For those who have the desire and will to cultivate professional interests even more.
On 22 February there was a Language Event at Grenaa Gymnasium. All 2nd year STX-students of German, French and Spanish as their second foreign language, as well as IB1 Spanish B and 2nd HF Spanish were assigned the roles of refugees that had to cross a border, have a family member hospitalized, fill out an application for asylum and report to their families. Also the teachers had roles. For example as a border guard or a doctor.
“This day was tremendously instructive and such a great way to learn language. You were forced to speak Spanish and make yourself understood in specific situations.” Benjamin H. 2.kb
Emma Maria Katballe, 2sw German and Ninette Irambona, 2.stx French played their roles as refugees at the event. “I was expecting that a language event would be a lot about grammar and grammar exercises, but I was very mistaken!” Emma explains. “We entered the assembly hall and were surprised how easy it was to slip into the role. That was awesome! The teachers had really put an effort into it and planned it so that it turned out to be interesting and fun.”
“I too had feared that it would be a bit boring,” Ninette adds. “But when the headlights hit you, you were put in a new role. The beginning of it all was very important to enter the role.”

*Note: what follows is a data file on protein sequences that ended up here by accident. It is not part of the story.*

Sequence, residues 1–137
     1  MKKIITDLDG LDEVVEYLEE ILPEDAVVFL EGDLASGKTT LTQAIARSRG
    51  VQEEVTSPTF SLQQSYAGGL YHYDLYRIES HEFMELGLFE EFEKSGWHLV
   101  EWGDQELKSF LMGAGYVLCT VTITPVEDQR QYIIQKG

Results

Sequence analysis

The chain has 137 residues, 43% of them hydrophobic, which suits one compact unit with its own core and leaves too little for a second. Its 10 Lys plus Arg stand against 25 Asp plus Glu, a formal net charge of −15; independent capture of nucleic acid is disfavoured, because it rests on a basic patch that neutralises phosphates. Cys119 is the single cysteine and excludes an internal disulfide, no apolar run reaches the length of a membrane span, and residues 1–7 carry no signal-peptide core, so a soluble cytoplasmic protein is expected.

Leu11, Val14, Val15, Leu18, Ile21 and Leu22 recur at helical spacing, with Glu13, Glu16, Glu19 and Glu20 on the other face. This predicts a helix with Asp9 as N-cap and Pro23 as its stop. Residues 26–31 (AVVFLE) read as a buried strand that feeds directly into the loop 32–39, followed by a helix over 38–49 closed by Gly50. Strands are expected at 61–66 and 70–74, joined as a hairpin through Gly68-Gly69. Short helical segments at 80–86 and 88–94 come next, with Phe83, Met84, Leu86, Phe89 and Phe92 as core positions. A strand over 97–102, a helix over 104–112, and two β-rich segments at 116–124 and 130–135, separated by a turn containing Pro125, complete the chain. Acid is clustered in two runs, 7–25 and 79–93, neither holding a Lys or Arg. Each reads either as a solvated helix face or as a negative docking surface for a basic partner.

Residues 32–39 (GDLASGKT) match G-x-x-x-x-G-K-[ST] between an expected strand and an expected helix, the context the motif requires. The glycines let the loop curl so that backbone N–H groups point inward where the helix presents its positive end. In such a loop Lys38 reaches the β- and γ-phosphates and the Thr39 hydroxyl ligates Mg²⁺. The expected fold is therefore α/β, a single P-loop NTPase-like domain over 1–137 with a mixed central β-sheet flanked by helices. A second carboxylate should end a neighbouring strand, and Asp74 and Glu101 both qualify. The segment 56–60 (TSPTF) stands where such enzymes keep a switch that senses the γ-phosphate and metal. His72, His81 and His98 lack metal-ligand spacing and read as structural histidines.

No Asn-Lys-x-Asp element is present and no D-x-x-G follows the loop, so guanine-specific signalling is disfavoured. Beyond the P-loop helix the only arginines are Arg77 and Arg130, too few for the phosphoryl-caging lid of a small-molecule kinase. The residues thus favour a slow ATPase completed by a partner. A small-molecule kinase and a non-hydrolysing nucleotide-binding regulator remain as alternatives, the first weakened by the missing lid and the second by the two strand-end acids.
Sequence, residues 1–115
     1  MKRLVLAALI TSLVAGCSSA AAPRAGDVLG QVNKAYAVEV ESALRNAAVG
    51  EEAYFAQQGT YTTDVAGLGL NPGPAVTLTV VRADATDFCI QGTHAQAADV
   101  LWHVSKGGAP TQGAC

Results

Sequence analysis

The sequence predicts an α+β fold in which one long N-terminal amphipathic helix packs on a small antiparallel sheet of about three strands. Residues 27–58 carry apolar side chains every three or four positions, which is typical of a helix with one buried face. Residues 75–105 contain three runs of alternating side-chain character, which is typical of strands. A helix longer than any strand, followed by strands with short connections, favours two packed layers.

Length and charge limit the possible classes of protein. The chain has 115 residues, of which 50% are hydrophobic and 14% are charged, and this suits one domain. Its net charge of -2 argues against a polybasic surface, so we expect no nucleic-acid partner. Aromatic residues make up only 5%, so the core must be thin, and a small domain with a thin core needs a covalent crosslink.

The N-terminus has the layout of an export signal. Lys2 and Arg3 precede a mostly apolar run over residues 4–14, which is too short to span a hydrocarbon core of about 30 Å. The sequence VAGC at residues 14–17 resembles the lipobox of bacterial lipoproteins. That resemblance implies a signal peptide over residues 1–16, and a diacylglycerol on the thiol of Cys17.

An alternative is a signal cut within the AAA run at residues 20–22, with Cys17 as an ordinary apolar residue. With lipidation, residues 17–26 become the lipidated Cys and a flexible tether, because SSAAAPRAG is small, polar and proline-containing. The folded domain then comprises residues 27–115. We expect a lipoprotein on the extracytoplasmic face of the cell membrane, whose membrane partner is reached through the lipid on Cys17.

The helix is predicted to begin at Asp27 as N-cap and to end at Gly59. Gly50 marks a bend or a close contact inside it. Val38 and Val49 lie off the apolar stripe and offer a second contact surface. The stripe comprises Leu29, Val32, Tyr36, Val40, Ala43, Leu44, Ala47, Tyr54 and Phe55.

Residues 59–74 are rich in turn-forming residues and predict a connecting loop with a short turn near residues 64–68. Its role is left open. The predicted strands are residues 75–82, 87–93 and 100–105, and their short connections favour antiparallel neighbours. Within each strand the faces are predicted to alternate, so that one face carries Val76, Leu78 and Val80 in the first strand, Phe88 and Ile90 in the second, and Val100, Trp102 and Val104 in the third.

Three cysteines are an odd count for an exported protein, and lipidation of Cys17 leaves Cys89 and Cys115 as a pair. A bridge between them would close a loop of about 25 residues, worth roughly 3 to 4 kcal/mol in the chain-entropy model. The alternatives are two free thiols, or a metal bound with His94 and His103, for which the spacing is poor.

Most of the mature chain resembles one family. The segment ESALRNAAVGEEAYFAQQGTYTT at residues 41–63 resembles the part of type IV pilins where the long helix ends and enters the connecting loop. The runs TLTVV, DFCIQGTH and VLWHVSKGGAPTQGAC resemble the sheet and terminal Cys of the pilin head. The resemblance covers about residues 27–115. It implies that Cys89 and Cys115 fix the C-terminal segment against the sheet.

Emma agrees: “It was great that both teachers and students had new roles and had to identify themselves with refugees. Or refugees fleeing the second time,” she says and looks at Ninette. “It was actually the second time I had to flee since I was an infant, but it was not a disturbing experience to me and I enjoyed the Language Event.”
“It was a fun and different way of practicing language. The usual lessons are not at all bad, but this was a really good initiative and I wouldn’t mind at all if they’d do something like this again.” Adam, 2.kb
Although the students did not know what was planned for them, they were not totally unprepared. They had been given a glossary and it turned out to be useful. “The glossary was a good idea. How else would you know the French term for appendicitis,” Ninette says. “But I also think that a common experience was that one’s vocabulary is bigger than one was aware of.”
Emma thinks that the Language Event will have a positive impact on the language lessons. “You learned something that you can bring with you into the lessons. You were forced to speak the language all the time and I’ve experienced now that you don’t have to be afraid to ask about something in a foreign language.”
Apart from having their command of foreign language tested in practice, they also worked together with students from other classes than their own. “I felt that everybody were included. Everybody would contribute in their way to solve the tasks and came with ideas,” Ninette explains about the production of videos and other informational materials that had to be made during the day.
“It was very inspiring to meet so many enthousiastic students and teachers.” Alexander, 2.u